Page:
bsp_put, bsp_hpput - deposit data into  a  remote  processes


     #include "bsp.h"

     void bsp_put(int pid,const void *src,void *dst,int offset,int nbytes);

     void bsp_hpput(int pid,const void *src,void *dst,int offset,int nbytes);


     SUBROUTINE  bspput(pid,src,dst,offset,nbytes)
       INTEGER, intent(IN)  :: pid,offset,nbytes
       <TYPE>,  intent(IN)  :: src
       <TYPE>,  intent(OUT) :: dst

     SUBROUTINE  bsphpput(pid,src,dst,offset,nbytes)
       INTEGER, intent(IN)  :: pid,offset,nbytes
       <TYPE>,  intent(IN)  :: src
       <TYPE>,  intent(OUT) :: dst


     The aim of bsp_put(3) and  bsp_hpput(3)  is  to  provide  an
     operation  akin  memcpy(3C) available in the Unix <string.h>
     library.  Both operations copy a specified number of  bytes,
     from  a byte addressed data structure in the local memory of
     one process into contiguous memory locations  in  the  local
     memory of another process. The distinguishing factor between
     these operations is provided by the buffering choice.

     The semantics buffered on source,  buffered  on  destination
     (see  drma(3))  is used for bsp_put(3) communications. While
     the semantics is clean and safety  is  maximised,  puts  may
     unduly  tax  the memory resources of a system. Consequently,
     bsplib(3) also provides a  high  performance  put  operation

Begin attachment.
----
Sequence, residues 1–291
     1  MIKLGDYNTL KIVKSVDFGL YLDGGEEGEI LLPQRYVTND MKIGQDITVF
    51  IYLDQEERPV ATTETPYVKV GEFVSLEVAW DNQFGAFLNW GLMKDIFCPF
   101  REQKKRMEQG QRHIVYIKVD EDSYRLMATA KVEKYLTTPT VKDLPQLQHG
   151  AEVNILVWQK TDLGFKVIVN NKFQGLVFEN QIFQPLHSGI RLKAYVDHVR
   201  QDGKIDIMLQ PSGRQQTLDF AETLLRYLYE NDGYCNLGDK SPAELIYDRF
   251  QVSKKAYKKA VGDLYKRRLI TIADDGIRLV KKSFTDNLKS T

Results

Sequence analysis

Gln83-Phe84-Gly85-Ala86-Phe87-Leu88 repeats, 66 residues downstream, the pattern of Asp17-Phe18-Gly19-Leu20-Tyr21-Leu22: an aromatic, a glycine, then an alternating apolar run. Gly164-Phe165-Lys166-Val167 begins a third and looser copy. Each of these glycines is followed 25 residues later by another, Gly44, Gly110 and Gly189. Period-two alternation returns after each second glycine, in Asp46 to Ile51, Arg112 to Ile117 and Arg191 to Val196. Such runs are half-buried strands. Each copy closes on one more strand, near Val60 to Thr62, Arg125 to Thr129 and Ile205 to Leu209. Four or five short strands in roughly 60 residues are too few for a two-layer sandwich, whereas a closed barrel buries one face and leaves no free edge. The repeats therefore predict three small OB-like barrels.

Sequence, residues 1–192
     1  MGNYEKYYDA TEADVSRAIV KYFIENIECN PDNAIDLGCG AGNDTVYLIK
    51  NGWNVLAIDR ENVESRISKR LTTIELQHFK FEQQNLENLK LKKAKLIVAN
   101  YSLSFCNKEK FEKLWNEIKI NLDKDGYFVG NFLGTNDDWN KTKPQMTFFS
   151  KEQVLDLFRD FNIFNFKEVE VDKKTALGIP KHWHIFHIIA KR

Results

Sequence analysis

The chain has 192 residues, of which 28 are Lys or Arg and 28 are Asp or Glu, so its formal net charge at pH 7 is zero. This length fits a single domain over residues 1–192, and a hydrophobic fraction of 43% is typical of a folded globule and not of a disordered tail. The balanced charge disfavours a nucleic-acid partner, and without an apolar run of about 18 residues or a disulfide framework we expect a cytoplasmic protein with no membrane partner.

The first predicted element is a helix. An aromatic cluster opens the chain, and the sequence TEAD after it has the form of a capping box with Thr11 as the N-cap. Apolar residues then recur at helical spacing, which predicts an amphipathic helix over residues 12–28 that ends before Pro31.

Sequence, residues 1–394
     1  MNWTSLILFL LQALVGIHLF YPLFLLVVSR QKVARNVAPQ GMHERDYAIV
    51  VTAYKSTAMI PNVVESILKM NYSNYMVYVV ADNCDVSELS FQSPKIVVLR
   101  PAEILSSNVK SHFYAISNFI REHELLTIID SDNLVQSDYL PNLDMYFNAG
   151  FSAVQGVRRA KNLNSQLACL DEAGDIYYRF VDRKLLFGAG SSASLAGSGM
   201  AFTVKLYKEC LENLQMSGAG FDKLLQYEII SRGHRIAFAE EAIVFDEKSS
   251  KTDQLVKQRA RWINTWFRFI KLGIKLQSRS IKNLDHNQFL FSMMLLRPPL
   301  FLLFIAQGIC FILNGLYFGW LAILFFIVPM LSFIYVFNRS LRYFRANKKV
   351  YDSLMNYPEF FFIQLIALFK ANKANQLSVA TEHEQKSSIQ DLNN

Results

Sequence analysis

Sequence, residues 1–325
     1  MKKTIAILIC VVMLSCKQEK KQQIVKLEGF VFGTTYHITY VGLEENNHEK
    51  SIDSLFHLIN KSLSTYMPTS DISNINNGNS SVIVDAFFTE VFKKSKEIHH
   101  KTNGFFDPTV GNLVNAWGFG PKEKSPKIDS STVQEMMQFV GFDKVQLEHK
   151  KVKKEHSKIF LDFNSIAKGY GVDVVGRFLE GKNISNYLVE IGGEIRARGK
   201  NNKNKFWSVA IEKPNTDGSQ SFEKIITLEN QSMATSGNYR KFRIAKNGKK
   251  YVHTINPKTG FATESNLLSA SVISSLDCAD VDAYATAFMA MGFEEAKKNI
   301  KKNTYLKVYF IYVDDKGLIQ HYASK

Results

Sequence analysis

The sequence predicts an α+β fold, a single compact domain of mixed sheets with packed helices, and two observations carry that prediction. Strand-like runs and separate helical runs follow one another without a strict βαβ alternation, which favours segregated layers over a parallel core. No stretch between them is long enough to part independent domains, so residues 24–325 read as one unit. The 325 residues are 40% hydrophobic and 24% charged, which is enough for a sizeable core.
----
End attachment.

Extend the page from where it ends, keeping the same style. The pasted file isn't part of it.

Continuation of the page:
bsp_hpput(3)  whose  semantics  is  {unbuffered  on  source,
     unbuffered on  destination  .  The  use  of  this  operation
     requires  care  as  correct data delivery is only guaranteed
     if: (1) no communications alter the source area; (2) no sub-
     sequent  local  computations  alter  the source area; (3) no
     other communications alter the destination area; and (4)  no
     computation  on  the  remote  process alters the destination
     area during the entire superstep. The main advantage of this
     operation  is  its economical use of memory. It is therefore
     particularly  useful  for  applications   which   repeatedly
     transfer large data sets.


     1)   The  reverse  function  shown  below   highlights   the
          interaction  between  registration  and  put communica-
          tions. This example defines a simple collective commun-
          ication  operation, in which all processes have to call
          the function within the same superstep. The  result  of
          the  function  on  process  i  will be the value of the
          parameter x from process bsp_nprocs()-i-1.

          int reverse(int x) {

            return x;